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abstract = "Introduction: Present study was aimed to analyze the impact of education, employment and financial independence in breastfeeding practices among Indian women. Methodology: Present explorative questionnaire based survey included 256 women (128 pairs) in the final analysis. A pair means - a) pregnant lady (in her third trimester) representing younger generation and b) her mother/mother in law representing the elder generation. Results: We found that the overall awareness regarding 'breast milk' being the best food for baby was excellent (overall 97.3{\%}; younger generation: 96.9{\%}; elder generation: 97.7{\%}). Overall knowledge regarding the correct technique (28.9{\%} younger generation and 21.9{\%} elder generation) and frequency of breastfeeding (20.3{\%} of younger generation and 34.4{\%} of elder generation) was very poor. Less than 60{\%} (younger generation: 57.8{\%}; elder generation: 58.6{\%}) were aware that the only major contraindication for breastfeeding is a mother infected with human immunodeficiency virus (HIV). On comparing responses obtained from the two generations of women, difference was not statistically significant among most of the issues related to breastfeeding. With regards to the attitude, despite better awareness, only 94.5{\%} women in younger generation and 89.1{\%}women in elder generation were planning to give mother's milk as the first feed to the newborn. Similarly, less than 75{\%} of women were ready to breast-feed the newborn immediately after birth. This was contradictory to the fact that 86{\%} of pregnant women were aware that the baby should be breast-fed within an hour of birth. Conclusion: Awareness with regards to breastfeeding issues had not changed significantly with the educational progress of Indian women. Despite the good level of awareness in the society regarding breastfeeding, attitude to practice the same is lacking.",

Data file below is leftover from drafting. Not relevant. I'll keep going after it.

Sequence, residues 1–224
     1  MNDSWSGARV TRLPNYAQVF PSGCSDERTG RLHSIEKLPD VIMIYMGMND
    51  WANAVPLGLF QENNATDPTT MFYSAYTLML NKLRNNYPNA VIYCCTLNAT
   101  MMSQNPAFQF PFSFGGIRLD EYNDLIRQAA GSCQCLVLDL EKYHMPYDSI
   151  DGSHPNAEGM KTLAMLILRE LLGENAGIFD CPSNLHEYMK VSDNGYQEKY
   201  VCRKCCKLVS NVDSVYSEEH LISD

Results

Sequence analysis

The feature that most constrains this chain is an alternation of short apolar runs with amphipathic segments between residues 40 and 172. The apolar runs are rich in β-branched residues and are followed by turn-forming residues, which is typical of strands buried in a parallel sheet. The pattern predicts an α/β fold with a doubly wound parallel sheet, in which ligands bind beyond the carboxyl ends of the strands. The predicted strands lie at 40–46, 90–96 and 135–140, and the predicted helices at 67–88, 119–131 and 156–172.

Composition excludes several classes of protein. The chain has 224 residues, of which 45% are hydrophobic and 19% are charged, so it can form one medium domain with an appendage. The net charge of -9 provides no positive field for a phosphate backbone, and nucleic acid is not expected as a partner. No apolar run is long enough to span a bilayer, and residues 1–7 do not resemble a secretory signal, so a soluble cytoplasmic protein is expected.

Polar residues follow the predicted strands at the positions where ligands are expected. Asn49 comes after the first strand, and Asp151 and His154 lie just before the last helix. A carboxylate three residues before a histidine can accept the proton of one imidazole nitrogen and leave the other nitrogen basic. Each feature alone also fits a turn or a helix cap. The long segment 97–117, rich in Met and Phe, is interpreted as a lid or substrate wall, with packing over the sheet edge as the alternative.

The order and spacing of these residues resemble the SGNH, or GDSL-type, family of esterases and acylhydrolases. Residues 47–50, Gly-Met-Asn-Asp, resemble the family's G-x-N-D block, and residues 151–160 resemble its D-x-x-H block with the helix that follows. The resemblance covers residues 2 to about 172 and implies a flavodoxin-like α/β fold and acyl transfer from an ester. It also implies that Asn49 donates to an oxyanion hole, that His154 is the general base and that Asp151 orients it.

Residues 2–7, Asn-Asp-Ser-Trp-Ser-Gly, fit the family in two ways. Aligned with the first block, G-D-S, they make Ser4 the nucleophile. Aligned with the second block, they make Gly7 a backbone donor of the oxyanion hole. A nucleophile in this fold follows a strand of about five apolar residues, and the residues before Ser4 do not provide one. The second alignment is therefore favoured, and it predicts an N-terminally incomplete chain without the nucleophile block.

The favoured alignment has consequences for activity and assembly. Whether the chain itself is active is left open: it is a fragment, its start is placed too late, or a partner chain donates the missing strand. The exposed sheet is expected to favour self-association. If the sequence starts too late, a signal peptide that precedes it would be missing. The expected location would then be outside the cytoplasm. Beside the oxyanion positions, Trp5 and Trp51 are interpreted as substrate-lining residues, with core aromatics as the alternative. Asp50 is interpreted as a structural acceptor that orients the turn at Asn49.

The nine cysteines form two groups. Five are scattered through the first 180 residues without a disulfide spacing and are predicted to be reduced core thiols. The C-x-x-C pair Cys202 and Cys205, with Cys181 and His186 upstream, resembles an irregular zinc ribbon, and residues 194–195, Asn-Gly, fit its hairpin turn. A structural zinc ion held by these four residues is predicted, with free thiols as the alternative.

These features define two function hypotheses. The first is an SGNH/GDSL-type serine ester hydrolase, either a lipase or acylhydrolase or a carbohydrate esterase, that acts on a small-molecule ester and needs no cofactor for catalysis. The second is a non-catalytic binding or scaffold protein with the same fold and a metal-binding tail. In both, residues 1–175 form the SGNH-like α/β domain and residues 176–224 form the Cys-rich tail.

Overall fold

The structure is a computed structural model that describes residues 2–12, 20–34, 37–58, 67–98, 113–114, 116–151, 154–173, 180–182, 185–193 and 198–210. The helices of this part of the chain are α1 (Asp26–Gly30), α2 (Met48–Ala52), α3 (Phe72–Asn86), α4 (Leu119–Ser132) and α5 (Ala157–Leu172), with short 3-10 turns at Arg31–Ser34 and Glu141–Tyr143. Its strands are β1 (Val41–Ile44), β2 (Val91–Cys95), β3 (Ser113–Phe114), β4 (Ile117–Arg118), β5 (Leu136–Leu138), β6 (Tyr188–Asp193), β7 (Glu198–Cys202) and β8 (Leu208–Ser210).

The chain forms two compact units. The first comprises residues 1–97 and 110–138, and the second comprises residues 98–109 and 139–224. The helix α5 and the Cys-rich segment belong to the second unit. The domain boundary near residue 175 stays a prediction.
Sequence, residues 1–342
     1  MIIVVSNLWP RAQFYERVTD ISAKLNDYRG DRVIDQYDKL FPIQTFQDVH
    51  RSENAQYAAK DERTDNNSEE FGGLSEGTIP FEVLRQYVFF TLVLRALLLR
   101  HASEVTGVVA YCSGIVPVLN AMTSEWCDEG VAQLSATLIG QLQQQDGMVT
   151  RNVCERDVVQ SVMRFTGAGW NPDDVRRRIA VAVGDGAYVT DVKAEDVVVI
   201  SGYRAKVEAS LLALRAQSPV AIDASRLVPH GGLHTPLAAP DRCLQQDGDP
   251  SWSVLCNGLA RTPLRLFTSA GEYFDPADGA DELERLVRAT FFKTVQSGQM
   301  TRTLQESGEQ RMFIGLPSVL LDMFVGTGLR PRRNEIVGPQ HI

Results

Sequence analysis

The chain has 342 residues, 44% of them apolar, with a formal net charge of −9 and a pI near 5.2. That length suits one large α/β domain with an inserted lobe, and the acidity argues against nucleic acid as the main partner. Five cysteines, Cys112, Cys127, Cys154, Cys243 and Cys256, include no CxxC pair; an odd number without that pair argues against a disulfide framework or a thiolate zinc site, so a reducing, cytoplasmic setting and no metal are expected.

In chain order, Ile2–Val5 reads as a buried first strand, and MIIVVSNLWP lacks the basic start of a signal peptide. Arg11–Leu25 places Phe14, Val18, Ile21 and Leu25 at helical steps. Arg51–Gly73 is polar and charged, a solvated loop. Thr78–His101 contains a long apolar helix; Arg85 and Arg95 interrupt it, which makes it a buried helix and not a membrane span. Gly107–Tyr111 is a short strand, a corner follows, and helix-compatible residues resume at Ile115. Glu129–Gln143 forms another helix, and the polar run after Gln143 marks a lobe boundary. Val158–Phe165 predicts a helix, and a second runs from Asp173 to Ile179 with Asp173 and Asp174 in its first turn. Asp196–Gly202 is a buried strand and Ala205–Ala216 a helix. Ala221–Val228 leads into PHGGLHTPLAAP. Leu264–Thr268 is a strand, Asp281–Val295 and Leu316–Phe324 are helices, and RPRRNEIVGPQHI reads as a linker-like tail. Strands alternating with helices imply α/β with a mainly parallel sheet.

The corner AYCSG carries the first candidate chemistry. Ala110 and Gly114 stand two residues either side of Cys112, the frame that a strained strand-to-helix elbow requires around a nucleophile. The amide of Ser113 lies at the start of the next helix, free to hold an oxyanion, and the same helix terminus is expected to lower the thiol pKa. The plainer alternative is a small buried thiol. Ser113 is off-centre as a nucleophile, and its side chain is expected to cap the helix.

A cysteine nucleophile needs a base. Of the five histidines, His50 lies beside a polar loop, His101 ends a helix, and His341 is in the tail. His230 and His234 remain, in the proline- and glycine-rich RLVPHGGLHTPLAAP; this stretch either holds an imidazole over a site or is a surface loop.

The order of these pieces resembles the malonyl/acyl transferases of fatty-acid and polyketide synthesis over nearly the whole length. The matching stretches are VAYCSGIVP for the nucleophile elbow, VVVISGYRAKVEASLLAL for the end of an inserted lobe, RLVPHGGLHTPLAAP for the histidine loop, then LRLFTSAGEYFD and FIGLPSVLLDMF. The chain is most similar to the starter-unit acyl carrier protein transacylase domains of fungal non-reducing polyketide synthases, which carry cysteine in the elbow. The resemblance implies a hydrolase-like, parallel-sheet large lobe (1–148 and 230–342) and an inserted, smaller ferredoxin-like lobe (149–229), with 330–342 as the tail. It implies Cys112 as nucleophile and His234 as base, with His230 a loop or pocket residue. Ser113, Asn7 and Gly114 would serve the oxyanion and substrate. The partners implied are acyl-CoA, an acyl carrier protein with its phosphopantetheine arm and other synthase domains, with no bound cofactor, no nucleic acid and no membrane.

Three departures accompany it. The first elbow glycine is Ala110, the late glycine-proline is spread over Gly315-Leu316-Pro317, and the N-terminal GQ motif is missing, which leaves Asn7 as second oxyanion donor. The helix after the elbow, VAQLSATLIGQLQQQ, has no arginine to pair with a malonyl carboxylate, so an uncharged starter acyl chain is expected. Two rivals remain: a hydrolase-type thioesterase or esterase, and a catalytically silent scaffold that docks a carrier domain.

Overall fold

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Awareness and attitude towards breastfeeding among two generations of Indian women : A comparative study. / Pandey, Deeksha; Sardana, Parnita; Saxena, Aashish; Dogra, Luvdeep; Coondoo, Ambika; Kamath, Asha.

In: PLoS One, Vol. 10, No. 5, e0126575, 19.05.2015.

Research output: Contribution to journalArticle

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T1 - Awareness and attitude towards breastfeeding among two generations of Indian women

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AU - Pandey, Deeksha

AU - Sardana, Parnita

AU - Saxena, Aashish

AU - Dogra, Luvdeep

AU - Coondoo, Ambika

AU - Kamath, Asha

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N2 - Introduction: Present study was aimed to analyze the impact of education, employment and financial independence in breastfeeding practices among Indian women. Methodology: Present explorative questionnaire based survey included 256 women (128 pairs) in the final analysis. A pair means - a) pregnant lady (in her third trimester) representing younger generation and b) her mother/mother in law representing the elder generation. Results: We found that the overall awareness regarding 'breast milk' being the best food for baby was excellent (overall 97.3%; younger generation: 96.9%; elder generation: 97.7%). Overall knowledge regarding the correct technique (28.9% younger generation and 21.9% elder generation) and frequency of breastfeeding (20.3% of younger generation and 34.4% of elder generation) was very poor. Less than 60% (younger generation: 57.8%; elder generation: 58.6%) were aware that the only major contraindication for breastfeeding is a mother infected with human immunodeficiency virus (HIV). On comparing responses obtained from the two generations of women, difference was not statistically significant among most of the issues related to breastfeeding. With regards to the attitude, despite better awareness, only 94.5% women in younger generation and 89.1%women in elder generation were planning to give mother's milk as the first feed to the newborn. Similarly, less than 75% of women were ready to breast-feed the newborn immediately after birth. This was contradictory to the fact that 86% of pregnant women were aware that the baby should be breast-fed within an hour of birth. Conclusion: Awareness with regards to breastfeeding issues had not changed significantly with the educational progress of Indian women. Despite the good level of awareness in the society regarding breastfeeding, attitude to practice the same is lacking.